A second standard Google uses to measure a site’s relevance is connectivity. Being linked to many other sites helps the browser ranking of your site. So how does this apply to sharing our faith?
Merely bumping into a lot of people and hitting them with the gospel or trying to one-up them in a debate is not true connectivity. We need to show an interest in the person as much as the answers. We want them to see us as a link to the truth and ultimately to the gospel. That means cultivating a relationship through civil dialogue and finding out what concerns them.
In Athens, Paul was taken before the philosophers at the Areopagus who were eager to debate him (Acts 17). After speaking, he got 3 responses: some sneered, some wanted to hear him again, and some became followers.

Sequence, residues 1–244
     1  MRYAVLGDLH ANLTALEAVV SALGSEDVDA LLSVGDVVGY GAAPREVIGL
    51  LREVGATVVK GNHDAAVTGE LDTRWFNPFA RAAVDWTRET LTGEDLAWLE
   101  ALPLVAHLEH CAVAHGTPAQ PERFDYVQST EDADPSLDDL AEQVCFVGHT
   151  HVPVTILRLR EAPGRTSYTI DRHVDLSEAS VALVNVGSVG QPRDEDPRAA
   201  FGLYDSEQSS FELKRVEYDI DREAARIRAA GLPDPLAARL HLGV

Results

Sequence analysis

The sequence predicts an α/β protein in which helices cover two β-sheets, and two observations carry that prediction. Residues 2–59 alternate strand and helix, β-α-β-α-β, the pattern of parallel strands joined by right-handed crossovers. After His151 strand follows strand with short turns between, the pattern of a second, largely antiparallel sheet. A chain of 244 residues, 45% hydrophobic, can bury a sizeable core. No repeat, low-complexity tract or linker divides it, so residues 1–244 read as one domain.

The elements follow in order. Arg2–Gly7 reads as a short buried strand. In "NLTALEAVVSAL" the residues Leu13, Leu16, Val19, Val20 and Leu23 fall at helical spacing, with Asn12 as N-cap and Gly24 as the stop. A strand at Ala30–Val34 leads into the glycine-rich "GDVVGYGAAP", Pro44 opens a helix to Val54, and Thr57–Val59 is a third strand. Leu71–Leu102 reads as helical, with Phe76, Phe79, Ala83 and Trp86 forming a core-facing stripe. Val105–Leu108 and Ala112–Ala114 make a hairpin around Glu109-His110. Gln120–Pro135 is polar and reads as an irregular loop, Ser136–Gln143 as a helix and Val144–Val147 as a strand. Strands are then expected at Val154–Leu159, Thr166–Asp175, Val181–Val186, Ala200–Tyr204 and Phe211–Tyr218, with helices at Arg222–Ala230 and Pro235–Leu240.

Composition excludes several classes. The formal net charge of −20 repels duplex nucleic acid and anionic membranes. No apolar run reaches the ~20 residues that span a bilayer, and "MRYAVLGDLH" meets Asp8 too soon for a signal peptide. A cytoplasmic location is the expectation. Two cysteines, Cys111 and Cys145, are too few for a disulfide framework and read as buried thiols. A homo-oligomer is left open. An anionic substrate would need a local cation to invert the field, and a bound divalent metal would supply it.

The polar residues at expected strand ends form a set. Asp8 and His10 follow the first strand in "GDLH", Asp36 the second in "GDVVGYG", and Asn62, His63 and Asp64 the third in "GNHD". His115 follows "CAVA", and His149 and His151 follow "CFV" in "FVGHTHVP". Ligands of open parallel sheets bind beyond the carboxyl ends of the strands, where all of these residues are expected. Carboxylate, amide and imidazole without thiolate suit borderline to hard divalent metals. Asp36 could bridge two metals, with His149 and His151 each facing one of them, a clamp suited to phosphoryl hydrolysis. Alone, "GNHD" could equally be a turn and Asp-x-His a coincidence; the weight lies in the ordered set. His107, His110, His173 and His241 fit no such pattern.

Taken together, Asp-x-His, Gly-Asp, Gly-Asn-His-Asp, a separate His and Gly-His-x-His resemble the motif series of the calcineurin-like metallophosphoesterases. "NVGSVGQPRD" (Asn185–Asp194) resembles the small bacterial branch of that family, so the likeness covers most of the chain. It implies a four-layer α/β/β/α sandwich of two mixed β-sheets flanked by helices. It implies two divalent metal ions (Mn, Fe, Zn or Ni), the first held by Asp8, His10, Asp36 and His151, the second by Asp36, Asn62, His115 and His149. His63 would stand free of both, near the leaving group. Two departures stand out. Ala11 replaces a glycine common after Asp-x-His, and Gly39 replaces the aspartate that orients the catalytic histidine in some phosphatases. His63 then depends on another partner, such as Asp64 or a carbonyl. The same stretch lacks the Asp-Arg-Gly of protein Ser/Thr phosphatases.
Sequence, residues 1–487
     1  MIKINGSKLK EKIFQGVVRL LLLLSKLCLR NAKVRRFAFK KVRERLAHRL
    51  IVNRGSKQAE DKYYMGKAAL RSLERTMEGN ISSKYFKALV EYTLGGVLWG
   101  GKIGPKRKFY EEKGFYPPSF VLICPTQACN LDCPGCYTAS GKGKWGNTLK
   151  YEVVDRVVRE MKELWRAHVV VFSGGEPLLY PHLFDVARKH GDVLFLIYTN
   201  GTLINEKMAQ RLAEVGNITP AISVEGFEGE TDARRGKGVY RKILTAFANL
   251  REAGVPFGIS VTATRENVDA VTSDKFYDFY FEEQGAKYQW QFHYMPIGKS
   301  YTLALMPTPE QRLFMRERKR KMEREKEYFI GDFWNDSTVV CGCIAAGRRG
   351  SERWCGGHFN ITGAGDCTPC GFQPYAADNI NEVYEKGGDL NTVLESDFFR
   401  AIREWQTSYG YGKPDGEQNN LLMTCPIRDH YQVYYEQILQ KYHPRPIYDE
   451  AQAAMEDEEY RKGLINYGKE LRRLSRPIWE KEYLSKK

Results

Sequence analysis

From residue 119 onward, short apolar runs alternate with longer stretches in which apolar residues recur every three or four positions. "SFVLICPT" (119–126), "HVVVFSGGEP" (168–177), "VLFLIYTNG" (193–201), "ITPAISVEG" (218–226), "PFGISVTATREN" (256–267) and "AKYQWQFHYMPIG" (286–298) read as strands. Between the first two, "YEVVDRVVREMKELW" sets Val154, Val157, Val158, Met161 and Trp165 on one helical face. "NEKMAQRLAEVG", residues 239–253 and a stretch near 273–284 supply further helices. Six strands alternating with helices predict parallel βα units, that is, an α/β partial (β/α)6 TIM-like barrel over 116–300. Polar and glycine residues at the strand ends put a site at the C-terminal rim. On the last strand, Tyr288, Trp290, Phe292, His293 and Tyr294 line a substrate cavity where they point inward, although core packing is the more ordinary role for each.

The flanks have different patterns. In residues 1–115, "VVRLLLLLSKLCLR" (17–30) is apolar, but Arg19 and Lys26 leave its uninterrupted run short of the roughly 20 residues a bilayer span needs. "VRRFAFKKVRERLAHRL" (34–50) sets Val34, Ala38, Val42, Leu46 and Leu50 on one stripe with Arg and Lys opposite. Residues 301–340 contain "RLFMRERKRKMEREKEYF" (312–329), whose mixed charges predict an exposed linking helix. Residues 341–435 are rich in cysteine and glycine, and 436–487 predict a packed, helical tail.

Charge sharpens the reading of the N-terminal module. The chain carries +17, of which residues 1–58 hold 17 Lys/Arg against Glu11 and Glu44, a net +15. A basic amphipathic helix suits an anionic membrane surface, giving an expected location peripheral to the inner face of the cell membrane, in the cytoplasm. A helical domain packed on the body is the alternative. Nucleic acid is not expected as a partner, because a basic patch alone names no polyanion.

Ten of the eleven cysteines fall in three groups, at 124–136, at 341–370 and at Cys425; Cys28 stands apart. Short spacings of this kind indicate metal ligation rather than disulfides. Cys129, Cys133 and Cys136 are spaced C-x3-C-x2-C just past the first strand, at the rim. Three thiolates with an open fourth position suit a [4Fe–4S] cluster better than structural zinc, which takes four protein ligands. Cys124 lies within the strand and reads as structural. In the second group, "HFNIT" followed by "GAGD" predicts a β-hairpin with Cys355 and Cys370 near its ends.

We can do little about those who sneer, but if they want to hear us again, even if they don’t completely agree with us, we have taken a first step toward creating a link. The more of these connections we are able to make, the more authentic and relevant our message will be perceived.
Our faith becomes more relevant to the culture when we can show its value to others. The best way to relate that value is to be able to explain the substance of our beliefs while connecting with the individual.